Q: Is Purple Rose still your favorite film?

Daniels: As a whole if I had to pick one, yeah. There are pieces of other ones that mean a lot. Fly Away Home, the round top sequence in Gettysburg meant a lot, I loved the script for Pleasantville. And then there’s some indies I really liked. It’s hard to dismiss Squid versus Purple Rose, but again they’re so different. I think I got like forty, forty-one films now. Checking Out was a film I absolutely loved doing that still cracks me up, but nobody saw.

 Q: What about Purple Rose that all these years later you named your film company after it?

Daniels: The film company is named after the theater company. The theatre company is fifteen years old and at that time, I wanted to name it something that attached me to it without [being] the Burt Reynolds Dinner Theatre. I didn’t want that. Purple Rose, I just admired Woody and knew that movie would outlive me. It seemed like a really cool name for a theatre company.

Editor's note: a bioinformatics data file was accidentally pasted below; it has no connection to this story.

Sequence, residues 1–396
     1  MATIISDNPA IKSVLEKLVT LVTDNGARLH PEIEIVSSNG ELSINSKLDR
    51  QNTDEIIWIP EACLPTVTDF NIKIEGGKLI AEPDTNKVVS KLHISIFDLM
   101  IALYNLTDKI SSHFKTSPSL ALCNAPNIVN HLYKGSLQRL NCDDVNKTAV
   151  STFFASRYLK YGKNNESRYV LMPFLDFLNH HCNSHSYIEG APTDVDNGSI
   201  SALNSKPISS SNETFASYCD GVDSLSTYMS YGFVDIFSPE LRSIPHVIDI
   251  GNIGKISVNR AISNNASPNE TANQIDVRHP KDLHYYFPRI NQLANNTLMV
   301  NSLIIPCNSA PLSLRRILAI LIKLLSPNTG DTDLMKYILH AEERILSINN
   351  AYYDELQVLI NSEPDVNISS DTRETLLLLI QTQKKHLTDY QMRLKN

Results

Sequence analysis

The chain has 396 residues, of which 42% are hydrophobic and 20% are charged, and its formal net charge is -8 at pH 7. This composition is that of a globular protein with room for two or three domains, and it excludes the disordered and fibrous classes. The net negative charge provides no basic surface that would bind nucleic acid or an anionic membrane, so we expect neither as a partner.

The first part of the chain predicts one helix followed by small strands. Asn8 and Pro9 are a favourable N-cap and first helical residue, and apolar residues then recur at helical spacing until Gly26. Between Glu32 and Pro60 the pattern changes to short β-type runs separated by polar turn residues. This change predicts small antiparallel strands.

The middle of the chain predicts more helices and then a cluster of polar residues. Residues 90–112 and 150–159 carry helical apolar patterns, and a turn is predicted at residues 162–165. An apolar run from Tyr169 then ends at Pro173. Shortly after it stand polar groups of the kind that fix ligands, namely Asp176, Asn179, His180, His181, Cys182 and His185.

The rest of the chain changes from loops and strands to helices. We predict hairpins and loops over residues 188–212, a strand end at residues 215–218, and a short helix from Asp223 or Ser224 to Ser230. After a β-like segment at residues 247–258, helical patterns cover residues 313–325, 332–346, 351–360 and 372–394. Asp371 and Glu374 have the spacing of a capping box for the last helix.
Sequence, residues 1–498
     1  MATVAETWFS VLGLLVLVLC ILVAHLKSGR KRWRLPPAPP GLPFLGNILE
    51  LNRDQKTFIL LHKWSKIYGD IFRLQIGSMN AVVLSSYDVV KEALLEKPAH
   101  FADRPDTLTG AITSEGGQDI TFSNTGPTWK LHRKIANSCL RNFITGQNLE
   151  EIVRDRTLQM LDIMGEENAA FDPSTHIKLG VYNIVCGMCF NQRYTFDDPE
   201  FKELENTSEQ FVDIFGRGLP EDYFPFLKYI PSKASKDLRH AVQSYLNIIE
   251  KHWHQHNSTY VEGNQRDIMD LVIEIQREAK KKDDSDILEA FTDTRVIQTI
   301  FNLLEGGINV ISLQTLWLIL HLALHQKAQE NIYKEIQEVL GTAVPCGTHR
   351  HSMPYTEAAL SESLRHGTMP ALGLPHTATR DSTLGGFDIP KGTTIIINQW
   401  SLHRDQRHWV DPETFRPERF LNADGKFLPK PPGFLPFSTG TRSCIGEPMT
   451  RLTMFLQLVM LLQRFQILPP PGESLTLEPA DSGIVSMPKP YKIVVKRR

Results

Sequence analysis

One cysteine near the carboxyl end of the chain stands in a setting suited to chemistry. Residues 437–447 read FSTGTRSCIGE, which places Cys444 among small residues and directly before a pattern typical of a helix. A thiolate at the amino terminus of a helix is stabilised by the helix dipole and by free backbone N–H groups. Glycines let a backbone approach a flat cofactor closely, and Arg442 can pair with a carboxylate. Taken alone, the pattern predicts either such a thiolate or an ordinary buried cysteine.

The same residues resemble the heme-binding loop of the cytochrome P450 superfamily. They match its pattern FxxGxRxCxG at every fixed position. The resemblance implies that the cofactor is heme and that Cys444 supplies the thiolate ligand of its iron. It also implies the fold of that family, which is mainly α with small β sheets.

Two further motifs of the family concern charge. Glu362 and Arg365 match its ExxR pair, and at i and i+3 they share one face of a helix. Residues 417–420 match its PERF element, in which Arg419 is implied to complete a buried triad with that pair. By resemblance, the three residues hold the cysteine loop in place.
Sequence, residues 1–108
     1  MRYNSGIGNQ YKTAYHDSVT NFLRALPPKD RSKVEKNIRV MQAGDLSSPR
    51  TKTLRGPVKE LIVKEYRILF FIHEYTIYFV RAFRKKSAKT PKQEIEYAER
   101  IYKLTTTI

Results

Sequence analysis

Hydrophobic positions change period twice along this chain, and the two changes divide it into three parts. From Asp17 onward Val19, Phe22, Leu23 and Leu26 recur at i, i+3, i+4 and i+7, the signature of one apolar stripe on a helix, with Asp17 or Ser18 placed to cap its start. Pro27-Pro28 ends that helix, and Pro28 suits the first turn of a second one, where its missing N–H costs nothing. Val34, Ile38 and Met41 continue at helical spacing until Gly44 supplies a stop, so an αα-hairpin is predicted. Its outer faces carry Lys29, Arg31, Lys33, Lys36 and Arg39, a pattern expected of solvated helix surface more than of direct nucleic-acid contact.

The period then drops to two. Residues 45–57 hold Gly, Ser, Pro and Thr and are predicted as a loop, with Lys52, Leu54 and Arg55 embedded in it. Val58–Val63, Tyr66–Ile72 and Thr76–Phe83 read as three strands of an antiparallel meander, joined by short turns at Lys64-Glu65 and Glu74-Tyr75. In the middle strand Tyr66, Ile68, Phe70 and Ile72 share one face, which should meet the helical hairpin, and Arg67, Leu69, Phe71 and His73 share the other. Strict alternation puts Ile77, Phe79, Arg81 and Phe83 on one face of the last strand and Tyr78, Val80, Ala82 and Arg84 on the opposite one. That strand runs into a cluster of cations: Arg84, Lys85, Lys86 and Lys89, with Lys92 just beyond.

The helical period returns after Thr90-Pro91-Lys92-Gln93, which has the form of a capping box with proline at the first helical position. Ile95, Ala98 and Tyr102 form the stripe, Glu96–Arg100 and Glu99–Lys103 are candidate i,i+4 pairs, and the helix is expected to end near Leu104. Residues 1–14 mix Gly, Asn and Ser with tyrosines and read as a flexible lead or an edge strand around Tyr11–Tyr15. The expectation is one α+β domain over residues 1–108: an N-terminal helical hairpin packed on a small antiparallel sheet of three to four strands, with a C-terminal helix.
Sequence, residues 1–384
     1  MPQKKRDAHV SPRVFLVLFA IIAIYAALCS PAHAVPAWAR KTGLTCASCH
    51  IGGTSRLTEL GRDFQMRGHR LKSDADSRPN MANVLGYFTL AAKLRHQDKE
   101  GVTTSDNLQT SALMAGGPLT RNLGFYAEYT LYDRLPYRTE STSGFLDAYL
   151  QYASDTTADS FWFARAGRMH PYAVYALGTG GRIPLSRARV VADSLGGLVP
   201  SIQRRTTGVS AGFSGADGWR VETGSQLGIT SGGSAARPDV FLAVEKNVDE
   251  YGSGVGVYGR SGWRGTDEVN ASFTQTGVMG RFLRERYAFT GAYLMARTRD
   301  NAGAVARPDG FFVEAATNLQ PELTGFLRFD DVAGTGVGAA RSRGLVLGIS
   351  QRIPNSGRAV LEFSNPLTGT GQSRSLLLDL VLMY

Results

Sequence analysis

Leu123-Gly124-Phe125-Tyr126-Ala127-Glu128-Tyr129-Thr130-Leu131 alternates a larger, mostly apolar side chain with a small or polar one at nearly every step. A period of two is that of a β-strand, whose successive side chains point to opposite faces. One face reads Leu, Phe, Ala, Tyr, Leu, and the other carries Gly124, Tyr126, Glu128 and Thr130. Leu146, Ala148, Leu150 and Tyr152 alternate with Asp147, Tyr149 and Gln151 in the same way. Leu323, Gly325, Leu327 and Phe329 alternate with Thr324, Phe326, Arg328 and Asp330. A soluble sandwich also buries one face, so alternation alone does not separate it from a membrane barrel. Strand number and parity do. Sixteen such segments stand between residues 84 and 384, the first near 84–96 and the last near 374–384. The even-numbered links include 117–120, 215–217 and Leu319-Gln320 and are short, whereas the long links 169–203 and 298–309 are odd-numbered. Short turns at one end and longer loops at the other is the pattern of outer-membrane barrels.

Q: What’s your role in Infamous, the other Truman Capote movie?

Daniels: I play Chris Cooper. No, I play Alvin Dooley in that. It’s so ridiculous. We were both making the same movie at the same time. It’s like we were in a race. Cut the film! Get the dailies to the lab! Why? Because they’re shooting in Winnipeg?

Q: I’ve heard it’s different from Capote?

Daniels: It’s really good. My concern, and take nothing away from Phillip’s performance – it was great, it was wonderful, it was terrific – but, the critics went so nuts for their Capote. I wanted to go, you need to leave a little room and exuberance for something else. That’s all I’m going to say. Toby Jones is our Truman. I think he’s toe-to-toe with Phillip.